Hang up. Change your number. And, yes, tell someone.
Kathleen Dolecki wants people to know that there are ways to avoid falling victim to a lottery scam.
The Olean woman should know. She lost her life savings and retirement as part of a Jamaica-based scheme that promised her tens of thousands of dollars in lottery winnings if she would only pay an upfront fee.
To hear Dolecki, the promises quickly became threats and, before she knew it, she had lost everything.
“They prey on the elderly,” she told reporters Monday. “They prey on people like me.”
Dolecki appeared with U.S. Attorney William J. Hochul Jr. during a news conference in Buffalo to promote National Consumer Protection Week and what people can do to avoid becoming victims of fraud.
For Hochul, it’s all about knowing whom you’re dealing with and knowing when something is simply too good to be true.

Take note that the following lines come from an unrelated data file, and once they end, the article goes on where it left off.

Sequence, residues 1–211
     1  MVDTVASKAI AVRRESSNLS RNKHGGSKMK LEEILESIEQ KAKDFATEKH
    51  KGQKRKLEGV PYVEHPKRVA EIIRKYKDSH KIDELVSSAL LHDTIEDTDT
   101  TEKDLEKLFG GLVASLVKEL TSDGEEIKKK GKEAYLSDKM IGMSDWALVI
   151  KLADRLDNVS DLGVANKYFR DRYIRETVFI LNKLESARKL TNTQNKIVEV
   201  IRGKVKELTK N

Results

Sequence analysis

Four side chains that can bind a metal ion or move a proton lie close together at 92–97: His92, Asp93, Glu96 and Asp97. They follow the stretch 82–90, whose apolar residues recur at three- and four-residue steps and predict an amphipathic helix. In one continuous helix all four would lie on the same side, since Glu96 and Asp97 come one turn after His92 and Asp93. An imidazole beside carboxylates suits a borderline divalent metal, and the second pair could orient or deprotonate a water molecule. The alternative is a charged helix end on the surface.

“These predators cause very real suffering,” he said.
Unfortunately, Dolecki’s story is all too common, said Shelley K. Carosella, a U.S. Postal Service inspector.
Carosella said Jamaica has become a popular base for lottery scams that target senior citizens and rely on frequent, threatening phone calls to the victims.
“The best advice I can give anyone is, just hang up,” she said.
Consumer advocates say there are a number of red flags to look for and pitfalls to avoid when contacted by telephone or email solicitors.
Don’t send money to someone you don’t know, they say, and never pay a fee for the promise of a big payoff down the road.
They also advise against replying to email or phone messages asking for personal or financial information.
“Today’s consumer must be vigilant,” said Warren E. Clark, president of the Better Business Bureau of Upstate New York.
Clark says a consumer’s best weapon in the fight against fraud is to be skeptical and well-informed.
People who want to report a problem can file a complaint with the Federal Trade Commission at ftc.gov/complaint, or with the Better Business Bureau at bbb.org/upstate-new-york/.